The new trail is a fair bit wider and smoother than the one it’s replacing — for some soggy comparison, here’s a view of the trail from around noon on Tax Day, just up past the next bend near where Ilona Ln. meets S. Braeswood:
A crane and 2 egrets were spotted on Brays Bayou just east of Main St. by a curious reader, along with the rising superstructure of the new Houston Community College Coleman College for Health Sciences building. The midrise, which will eventually connect to the other HCC buildings across Pressler St. via skybridge, should have 10 stories by the time the building opens (which, per HCC’s current plans, will be next August). The building is going up between the UT’s Sarofim Research Building and the large parking lot where the Shamrock Movie Theateronce stood, across Main St. from the currently-also-mostly-a-parking-lot Shamrock Hilton site where the new DeBakey High School campus is going up.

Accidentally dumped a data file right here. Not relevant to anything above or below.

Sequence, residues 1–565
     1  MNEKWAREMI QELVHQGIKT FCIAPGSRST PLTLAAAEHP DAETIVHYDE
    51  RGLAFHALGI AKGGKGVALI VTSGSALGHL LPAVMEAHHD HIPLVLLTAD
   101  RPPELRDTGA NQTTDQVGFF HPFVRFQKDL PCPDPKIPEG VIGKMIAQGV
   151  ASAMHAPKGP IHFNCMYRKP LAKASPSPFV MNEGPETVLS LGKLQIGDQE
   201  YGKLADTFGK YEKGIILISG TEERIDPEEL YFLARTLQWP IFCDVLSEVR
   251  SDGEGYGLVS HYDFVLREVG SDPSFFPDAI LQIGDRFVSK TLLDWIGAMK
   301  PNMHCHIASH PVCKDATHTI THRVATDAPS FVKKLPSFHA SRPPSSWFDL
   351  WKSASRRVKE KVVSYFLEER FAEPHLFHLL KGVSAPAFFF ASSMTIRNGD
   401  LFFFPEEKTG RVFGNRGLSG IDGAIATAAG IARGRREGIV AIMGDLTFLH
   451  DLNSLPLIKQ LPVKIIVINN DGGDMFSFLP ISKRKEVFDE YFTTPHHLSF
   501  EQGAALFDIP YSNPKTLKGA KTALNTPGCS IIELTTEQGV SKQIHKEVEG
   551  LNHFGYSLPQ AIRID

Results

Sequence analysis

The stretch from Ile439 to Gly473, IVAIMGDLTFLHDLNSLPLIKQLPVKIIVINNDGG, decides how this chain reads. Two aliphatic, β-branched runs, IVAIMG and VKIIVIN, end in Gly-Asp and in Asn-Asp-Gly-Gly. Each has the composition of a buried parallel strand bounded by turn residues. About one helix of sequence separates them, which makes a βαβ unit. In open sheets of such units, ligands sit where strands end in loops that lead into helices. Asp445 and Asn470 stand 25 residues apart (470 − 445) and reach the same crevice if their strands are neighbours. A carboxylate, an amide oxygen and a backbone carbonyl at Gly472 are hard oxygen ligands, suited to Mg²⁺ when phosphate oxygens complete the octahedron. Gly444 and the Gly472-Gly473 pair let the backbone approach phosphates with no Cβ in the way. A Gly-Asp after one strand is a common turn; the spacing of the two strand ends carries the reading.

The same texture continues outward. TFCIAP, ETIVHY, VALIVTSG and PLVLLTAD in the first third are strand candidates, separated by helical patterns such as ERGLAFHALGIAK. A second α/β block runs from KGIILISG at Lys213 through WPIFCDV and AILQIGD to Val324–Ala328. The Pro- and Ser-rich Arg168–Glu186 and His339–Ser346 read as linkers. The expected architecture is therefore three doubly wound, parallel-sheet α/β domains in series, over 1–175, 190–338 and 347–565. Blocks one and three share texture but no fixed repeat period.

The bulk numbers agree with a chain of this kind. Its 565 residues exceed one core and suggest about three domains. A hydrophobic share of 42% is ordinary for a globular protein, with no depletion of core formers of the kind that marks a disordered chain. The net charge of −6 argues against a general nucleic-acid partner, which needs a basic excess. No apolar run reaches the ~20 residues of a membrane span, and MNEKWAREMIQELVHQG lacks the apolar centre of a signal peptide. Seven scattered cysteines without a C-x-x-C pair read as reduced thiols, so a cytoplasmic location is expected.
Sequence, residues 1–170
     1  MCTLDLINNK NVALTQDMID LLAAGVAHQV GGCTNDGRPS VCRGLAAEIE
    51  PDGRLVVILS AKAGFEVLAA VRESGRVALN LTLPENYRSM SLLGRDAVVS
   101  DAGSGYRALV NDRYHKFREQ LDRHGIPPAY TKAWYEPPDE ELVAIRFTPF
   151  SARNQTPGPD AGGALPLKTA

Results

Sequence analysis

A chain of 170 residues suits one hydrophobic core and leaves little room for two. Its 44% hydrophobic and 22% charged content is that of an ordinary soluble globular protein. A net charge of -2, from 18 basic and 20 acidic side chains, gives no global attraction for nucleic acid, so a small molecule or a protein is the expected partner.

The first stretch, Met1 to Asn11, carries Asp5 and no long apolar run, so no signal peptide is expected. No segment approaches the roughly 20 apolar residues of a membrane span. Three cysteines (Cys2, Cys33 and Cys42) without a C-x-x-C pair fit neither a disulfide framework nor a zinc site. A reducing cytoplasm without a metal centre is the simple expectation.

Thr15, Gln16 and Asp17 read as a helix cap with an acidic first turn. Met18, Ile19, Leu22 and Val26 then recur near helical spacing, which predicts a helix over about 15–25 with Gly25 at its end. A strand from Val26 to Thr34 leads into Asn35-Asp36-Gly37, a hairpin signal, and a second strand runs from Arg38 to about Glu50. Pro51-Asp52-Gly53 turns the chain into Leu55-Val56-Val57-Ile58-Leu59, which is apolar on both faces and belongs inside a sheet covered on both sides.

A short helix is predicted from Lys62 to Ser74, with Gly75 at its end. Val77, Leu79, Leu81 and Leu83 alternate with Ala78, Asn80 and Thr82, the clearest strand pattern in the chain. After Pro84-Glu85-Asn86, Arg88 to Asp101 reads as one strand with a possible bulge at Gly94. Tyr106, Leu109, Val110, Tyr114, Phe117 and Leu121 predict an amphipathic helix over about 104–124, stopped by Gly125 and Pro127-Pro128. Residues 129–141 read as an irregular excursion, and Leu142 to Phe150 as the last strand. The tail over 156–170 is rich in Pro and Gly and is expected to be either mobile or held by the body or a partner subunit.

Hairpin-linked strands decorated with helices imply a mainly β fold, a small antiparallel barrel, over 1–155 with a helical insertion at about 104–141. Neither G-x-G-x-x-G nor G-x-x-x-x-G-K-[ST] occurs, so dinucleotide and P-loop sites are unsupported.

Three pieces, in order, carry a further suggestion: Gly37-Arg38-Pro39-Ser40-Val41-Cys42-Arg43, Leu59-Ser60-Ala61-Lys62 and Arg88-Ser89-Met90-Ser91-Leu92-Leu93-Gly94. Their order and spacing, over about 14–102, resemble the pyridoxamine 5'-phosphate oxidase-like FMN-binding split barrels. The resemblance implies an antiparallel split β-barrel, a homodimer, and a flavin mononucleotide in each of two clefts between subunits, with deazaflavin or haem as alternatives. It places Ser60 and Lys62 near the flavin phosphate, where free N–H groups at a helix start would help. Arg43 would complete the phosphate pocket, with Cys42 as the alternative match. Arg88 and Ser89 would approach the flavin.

A few folks at the Halstead apartments surveyed the scene along Brays Bayou late yesterday morning, catching sight of all kinds of action in the water. The video above captures the part of the lonely journey of an unmoored porta-potty floating away from the site of the under-construction Starbucks on the former gas station corner next door; the trip was also also tracked from further upstairs in the complex, where another photographer was documenting the flood:
Here’s this morning’s view north across S. Braeswood Dr. between Chimney Rock and Hillcroft in Meyerland, where Brays Bayou has once again been feeling out some alternate route options. That’s the Congregation Beth Israel synagogue and the closed-for-the-day Shlenker School across the water on the northern bank, looking higher but not that much drier; current reaadings for the nearest upstream county gauge show nearly 8 inches of rain over the last 12 hours, with higher totals further west. That hasn’t stopped some folks from checking things out from close-up: